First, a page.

Born in America is the mid-paced anthem-chorus-heavy song of the album preaching America being the “land of the free”. Wings of Fire showcases the band displaying their amazing song writing range. While Heavy Metal Machine shows a fast neck-twisting-head-banging classic. I especially love the last chorus and the way Rhett sings “got to keep it clean” followed by the scream and then back to the lower “heavy metal machine” (3:09 – 3:18) man this guy has range. Speaking of Rhett’s vocal range Gunfighter probably my current favourite of the album, Rhett sings this one with just the right emotion for the lyrical content. The: “I’m going to send you straight to hell” line sounds like he’s almost spitting fire.

Without all the emphasis on Rhett Forrester main song writter and guitar Mark Reale (who formed the band back in ’77) has also shown a huge improvement in both categories. Writing 6 out of the 10 songs on the album and those 6 being the best songs (not counting the Cliff Richard Devil Woman cover) must say something. Speaking of the Cliff Richard song though, generally I’m not a huge fan of cover songs instead siding with the original. It’s very rare a cover is better than the original. Yet Riot seem to somehow do it again they truly make the jazzed up version of Devil Woman their own.

Another great point that needs to be made, this album screams early 80’s traditional metal nostalgia. I’ve often noticed when bands make the hard – heavy progression Riot make with Born in America that often they lose the nostalgic values of their earlier releases. This is certainly not the case here. Born in America contains so many of those moments where it’s utter nostalgic bliss on your ears. If you want heavy metal at it’s best, this is as heavy metal as 1983 can offer.

It's okay, but it's not them. - 72%

hells_unicorn, February 11th, 2007

This is the last offering by pioneering New York based heavy metal act Riot, and it is purely a product of its time. 1983 saw an increased interest in both cock rock outfits such as Dokken over in LA, and slightly more early rock inspired outfits such as the Scorpions. Much of the songs reflect this trend in the music scene, particularly in the lead guitar department which is loaded with catchy harmonized parts in many of the slower rock songs, in addition to more overt shredding during the solos.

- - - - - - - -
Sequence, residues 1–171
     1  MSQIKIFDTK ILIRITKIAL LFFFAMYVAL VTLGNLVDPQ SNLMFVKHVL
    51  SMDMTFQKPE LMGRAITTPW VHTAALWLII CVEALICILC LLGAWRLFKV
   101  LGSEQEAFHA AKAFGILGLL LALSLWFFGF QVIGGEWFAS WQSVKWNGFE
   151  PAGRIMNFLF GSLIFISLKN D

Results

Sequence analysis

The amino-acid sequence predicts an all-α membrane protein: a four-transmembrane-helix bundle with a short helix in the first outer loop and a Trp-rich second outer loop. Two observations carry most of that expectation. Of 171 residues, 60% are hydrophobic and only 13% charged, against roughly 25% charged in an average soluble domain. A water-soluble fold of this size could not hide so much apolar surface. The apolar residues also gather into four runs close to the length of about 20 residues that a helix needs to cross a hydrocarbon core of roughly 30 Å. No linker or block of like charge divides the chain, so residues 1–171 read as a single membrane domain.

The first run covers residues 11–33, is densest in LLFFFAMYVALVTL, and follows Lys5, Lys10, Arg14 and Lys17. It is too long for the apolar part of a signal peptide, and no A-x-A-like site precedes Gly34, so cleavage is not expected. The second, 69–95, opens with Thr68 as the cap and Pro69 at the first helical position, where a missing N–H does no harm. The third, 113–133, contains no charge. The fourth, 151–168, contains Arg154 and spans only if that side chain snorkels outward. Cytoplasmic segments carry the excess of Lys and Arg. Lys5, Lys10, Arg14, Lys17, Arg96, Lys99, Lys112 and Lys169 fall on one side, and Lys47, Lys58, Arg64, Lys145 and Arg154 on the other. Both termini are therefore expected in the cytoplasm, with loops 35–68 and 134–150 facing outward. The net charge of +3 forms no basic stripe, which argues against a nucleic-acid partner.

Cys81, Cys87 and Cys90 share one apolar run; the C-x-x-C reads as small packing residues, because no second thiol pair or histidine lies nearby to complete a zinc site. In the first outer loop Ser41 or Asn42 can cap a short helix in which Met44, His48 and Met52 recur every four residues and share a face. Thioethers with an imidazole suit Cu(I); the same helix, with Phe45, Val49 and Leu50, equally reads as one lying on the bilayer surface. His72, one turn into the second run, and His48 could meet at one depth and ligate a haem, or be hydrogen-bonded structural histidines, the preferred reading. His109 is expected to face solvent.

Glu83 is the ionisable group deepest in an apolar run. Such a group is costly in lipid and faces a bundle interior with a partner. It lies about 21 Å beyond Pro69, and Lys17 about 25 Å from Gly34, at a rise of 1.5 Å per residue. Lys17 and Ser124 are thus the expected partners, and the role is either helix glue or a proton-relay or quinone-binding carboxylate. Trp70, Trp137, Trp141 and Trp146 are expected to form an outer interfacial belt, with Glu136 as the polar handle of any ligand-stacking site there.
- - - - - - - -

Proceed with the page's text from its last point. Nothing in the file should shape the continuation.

Rhett Forester’s singing on here is not quite as over-the-top as it was on “Restless Breed”, although album opener “Born in America”, “Vigilante Killer” and “Heavy Metal Machine” have some hit or miss attempts at emulating Ian Gillian. When he sings clean he sounds better and actually quite a bit similar to Tony Moore, who helped turned Riot’s late 80s/early 90s stuff into the revolutionary fits of artistic genius that they ultimately became.

The guitar has morphed a bit on here in the lead department, resulting in something that is a bit more hook oriented than even their late 70s material. “You burn in me” has a highly hook oriented harmonized intro that reminds a bit of the stuff found on the Scorpions’ album “Black Out”, which came out the year before. The guitar soloing on such songs as “Heavy Metal Machine” and “Vigilante” see a large amount of fret board tapping and a slight tinge towards a George Lynch sound.

The best songs on here are the ones that are the most removed from the cock rock sound that has snuck its way into this portion of Riot’s history. “Wings of Fire” has a haunting acoustic intro with some synthesizer sound in the background, followed by an up tempo set of killer riffing and drum madness. This song is essentially the musical ancestor of Thundersteel’s classic track “Bloodstreets”. “Where Soldiers Rule” has a solid horse galloping flow and the best vocal performance out of Forester. This one is probably the closest to the older Riot that originally pioneered this sound, although the atmosphere is quite a bit heavier and the guitar sound is reminiscent of Accept.

For the potential buyer, this is the weakest album that I have heard put out by the band and the reason is that they don’t sound like themselves. When one thinks of a band name like Riot, one does not picture a band prancing around with more lipstick on than their girlfriends, one thinks of a traditional heavy metal band that rocks hard and moves fast. This album has almost no speed to it at all, although in terms of technical prowess this album is the most guitar-oriented of the older stuff. It comes recommended at a reduced price of $9 or less, it isn’t bad, but it’s not them either.